Surprising facts about tech, gadgets and the wonderful World Wide Web

We've put together some interesting facts about tech, gadgets and the history of the web for you to enjoy (image credit: Avantgarde Concept/Unsplash)
The computer seen here was used by Sir Timothy John Berners-Lee as the world's first web server and the machine that coded the first ever web browser. (image credit: Wikipedia)
A "jiffy" is the length of one cycle of the computer's system clock (roughly 10 milliseconds). Which is where the origin of the phrase comes from. (image credit: Andrey Grushnikov/Pexels)
The first spam email was sent in 1978. Since then a heck of a lot of spam has been sent. In fact, 47.3 percent of e-mail traffic in September 2020 was spam. (image credit: Pixabay)
When staring at a computer screen you blink just seven times per minute instead of the usual 20 blinks per minute when doing other things. (image credit: Avantgarde Concept/Unsplash)
Bill Hewlett and David Packard decided the name of HP with a coin toss. It could just have easily been Packard-Hewlett. (image credit: HP)
Did you know the term "robot" comes from a Czech word, robota, meaning "forced labour"? If the robots ever find out that might be the start of the uprising. (image credit: Sharp)
51 per cent of all internet traffic is thought to be made up of bots and hackers, rather than real people surfing for new shoes or the latest tech news. (image credit: Unsplash)
Some people are scared of tech. Technophobia is a real problem. Nomophobia is the opposite - the fear of being without your mobile phone. (image credit: Unsplash/Aarón Blanco Tejedor)
Did you know that Google once used a supercomputer to work out that a Rubik's Cube can be solved in 20 turns with the right moves. (image credit: Pexels/JTMultimidia)
In 1969 Astronauts were forced to sign envelopes as an alternative to life insurance in case they should die. So their families could sell them for income. (image credit: NASA)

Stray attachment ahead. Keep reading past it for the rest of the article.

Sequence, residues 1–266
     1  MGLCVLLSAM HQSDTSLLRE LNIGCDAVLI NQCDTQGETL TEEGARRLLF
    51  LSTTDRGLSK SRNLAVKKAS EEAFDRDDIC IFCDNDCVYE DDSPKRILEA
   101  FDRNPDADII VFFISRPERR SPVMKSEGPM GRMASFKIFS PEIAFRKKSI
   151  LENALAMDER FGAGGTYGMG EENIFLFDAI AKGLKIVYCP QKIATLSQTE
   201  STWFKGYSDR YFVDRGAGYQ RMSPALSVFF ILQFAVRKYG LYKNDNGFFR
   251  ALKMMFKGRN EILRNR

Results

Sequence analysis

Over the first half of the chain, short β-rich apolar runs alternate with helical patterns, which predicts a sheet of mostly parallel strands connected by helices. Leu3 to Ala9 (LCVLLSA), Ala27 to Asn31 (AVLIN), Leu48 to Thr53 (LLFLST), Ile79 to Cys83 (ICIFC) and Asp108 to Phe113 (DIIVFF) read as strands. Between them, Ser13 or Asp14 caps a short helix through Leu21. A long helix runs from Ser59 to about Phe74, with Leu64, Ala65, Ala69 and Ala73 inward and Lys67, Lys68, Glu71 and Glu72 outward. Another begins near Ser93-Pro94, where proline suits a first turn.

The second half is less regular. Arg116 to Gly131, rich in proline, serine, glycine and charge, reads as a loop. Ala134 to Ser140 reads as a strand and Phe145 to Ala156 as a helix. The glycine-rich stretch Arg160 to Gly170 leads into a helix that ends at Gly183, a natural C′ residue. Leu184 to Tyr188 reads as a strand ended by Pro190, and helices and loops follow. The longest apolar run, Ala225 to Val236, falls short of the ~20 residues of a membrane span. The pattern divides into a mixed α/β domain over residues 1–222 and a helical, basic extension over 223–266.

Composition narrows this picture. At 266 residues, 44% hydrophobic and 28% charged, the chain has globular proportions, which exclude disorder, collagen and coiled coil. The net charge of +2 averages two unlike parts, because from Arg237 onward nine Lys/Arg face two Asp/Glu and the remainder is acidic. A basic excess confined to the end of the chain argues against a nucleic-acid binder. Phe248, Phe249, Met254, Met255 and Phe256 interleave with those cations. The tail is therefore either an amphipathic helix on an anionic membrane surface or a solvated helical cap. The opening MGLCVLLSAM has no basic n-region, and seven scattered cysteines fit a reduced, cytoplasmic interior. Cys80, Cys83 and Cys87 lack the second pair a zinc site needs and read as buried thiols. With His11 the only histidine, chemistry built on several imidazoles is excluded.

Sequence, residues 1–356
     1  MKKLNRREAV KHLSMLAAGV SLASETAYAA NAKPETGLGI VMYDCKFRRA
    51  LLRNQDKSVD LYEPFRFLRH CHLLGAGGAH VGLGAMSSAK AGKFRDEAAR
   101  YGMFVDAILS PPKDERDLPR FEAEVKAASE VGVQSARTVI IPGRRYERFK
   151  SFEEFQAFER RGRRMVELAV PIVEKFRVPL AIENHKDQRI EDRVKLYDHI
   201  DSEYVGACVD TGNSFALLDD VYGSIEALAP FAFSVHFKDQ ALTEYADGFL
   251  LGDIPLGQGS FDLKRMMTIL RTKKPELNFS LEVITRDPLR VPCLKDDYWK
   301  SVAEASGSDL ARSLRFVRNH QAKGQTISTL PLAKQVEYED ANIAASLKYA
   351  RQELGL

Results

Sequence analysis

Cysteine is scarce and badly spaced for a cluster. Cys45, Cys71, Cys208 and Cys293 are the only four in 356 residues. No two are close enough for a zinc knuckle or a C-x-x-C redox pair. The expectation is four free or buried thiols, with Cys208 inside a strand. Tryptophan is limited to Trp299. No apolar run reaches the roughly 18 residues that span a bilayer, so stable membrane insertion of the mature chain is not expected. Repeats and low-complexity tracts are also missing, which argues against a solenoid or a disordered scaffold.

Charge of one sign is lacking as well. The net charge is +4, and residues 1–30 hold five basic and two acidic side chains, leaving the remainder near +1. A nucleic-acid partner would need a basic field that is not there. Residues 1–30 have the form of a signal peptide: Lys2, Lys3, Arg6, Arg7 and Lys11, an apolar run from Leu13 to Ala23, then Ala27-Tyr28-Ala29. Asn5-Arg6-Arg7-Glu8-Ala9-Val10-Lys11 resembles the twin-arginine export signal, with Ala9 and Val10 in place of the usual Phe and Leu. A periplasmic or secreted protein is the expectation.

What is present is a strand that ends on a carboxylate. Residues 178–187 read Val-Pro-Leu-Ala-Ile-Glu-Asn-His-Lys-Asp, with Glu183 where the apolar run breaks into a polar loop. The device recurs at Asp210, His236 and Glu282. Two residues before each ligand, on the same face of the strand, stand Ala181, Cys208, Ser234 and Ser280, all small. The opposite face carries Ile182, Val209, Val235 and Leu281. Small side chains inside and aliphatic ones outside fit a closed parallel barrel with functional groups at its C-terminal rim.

This photo shows the first broadcast of a television picture, complete with a ventriloquist's dummy. The transmission was a breakthrough in 1925. (image credit: Wikipedia)
Gaming giant Nintendo originally started out life as a playing card company. How things have changed! (image credit: Nintendo/Wikipedia)
This massive thing is IBM's first supercomputer seen being loaded onto a plane. Technology has come a long way and shrunk a lot over the years. (image credit: IBM)
According to researchers, the average person spends a total of 10 years of their life watching TV. (image credit: Pexels/rawpixel)
This is the first photo ever posted on the World Wide Web, with the secretaries and partners of the CERN scientists seen as part of all-girl comedy band. (image credit: CERN)
1984's advert for the Apple Macintosh was directed by film legend Ridley Scott and said to be the "greatest TV commercials of all time".  (image credit: Apple)
This is an image of Pluto captured by the New Horizons spacecraft as it flew by in 2015. Taken at a range of 22,025 miles, it shows the "true colours" of Pluto. (image credit: NASA)
Did you know there's a subreddit that's run by bots? r/SubredditSimulator is managed by bots who are mimicking posts created by real users. Very odd. (image credit: Con Karampelas/Unsplash)
Did you know it took 38 years for radio to reach an audience of 50 million? Television, by comparison, took just 13 years. (image credit: Pocket-lint)
You're familiar with the web browser Firefox. But did you know the browser's logo isn't a fox at all? It's a Red Panda. (image credit: Mozilla Corporation)
Nokia might be most well known for selling phones but it actually started out as a pulp mill and later sold toilet paper too. (image credit: A life without animals is not worth living from Pixabay)
In some places drones are used as an alternative to fireworks displays. This display included a flying QR code! (image credit: ChaseDragonfury)
YouTube was originally designed as a dating site with the hope that people would "Tune in" and "Hook up". Users weren't as keen. (image credit: Adam Fejes from Pexels)